John Major’s 1992 rail privatisation White Paper promised “more competition, greater efficiency and a wider choice of services more closely tailored to what customers want”.
There have been some successes in the past two decades. The railways have never been safer, have not been as busy since 1929 (on a network half the size), newer trains, more innovation, and faster services. But the elephant in room has always been the lack of any meaningful on-track competition.
At last this is changing. Until recently large “railopoly” franchises have been allowed to emerge without them facing long distance high speed competition. Where some has been permitted (between London King’s Cross and the North East) the Centre for Policy Studies has delivered research showing that this has led to lower fares, happier passengers, more routes served and more revenue. It is clearly in the interests of passengers, the rail industry, the regions and the taxpayer.
The Office of Rail and Road has now gone further and approved new privately funded long distance high speed rail services to compete with the West Coast franchise from 2018. New Great North Western Services (GNWR) will compete for passengers from London Euston and give passengers high speed choice and fare competition when travelling to the Midlands and the North West. These competitive services are known as ‘open access’ and we need more on other lines.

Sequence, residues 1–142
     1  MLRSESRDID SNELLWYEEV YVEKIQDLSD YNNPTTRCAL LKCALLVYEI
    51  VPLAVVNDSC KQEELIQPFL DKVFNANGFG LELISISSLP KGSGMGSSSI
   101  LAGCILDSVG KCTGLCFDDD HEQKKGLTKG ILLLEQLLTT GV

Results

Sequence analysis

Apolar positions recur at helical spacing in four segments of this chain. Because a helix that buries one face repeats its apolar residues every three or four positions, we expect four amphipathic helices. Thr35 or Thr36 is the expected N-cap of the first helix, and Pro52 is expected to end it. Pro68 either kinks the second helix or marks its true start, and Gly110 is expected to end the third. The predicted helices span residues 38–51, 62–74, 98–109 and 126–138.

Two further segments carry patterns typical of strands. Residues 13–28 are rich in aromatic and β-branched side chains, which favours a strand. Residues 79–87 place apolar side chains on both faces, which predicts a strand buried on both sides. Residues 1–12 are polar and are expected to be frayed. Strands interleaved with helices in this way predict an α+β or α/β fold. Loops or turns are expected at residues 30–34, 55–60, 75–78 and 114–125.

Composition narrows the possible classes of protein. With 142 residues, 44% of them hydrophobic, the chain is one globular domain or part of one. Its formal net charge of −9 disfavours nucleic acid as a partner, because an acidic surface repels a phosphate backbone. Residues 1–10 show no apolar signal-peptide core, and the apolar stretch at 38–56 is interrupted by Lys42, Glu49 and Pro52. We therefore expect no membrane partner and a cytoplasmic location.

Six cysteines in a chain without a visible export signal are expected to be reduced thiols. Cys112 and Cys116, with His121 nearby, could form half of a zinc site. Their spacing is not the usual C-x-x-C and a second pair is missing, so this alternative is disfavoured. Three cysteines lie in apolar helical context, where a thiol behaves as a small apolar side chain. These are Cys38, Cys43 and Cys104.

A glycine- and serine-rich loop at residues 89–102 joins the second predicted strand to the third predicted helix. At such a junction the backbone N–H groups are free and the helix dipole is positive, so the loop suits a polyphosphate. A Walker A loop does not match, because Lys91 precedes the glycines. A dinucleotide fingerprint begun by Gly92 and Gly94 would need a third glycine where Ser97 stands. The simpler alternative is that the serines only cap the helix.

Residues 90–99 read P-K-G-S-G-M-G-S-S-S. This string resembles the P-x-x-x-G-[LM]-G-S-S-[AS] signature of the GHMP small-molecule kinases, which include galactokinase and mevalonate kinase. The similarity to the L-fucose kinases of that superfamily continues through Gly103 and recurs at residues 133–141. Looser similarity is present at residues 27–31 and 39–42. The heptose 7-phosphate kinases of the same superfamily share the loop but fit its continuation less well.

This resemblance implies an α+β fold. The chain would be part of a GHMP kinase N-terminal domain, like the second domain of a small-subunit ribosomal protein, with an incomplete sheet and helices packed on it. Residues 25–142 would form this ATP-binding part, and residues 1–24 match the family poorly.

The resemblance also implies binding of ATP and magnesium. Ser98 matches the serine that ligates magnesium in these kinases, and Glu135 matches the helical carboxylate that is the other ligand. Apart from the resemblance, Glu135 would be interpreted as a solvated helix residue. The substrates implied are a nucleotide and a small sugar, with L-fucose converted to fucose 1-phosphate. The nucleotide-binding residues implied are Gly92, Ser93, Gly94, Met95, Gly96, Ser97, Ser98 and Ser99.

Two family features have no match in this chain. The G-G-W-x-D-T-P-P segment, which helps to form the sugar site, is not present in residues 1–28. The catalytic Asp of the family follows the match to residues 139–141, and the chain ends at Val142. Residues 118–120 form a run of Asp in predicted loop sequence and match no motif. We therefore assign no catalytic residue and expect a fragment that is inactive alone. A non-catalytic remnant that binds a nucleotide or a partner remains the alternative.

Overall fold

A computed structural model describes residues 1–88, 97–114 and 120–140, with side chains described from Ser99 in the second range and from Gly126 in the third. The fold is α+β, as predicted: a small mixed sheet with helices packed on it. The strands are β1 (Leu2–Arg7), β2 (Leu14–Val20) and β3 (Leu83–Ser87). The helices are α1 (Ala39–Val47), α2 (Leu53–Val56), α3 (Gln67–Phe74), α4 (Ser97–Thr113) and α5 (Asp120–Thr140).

The CPS research, ‘Rail’s Second Chance – putting competition back on track’ revealed passenger journeys increased by 42% at those stations which enjoy rail competition, compared with 27% for those without. Revenue increased by 57% where competition occurs compared to 48% for those stations without. Average fares increased by only 11% on those stations with competition, compared to 17% at those stations without. And ‘open access’ non franchised rail companies consistently top the National Passenger Survey on overall satisfaction and trust scoring 96% and 95% in 2014 (Grand Central and First Hull Trains).
The Corbyn and Burnham clamour for rail renationalisation is as absurd as it is flawed. Conservatives can now deliver the railway they promised over twenty years ago and further reduce Whitehall’s age-old grip on the sector. Given more freedom and encouragement the railways will show their desire and ability to deliver the best network in Europe.
Tony Lodge is a Research Fellow at the Centre for Policy Studies. He is the author of the policy paper 'Rail's Second Chance'
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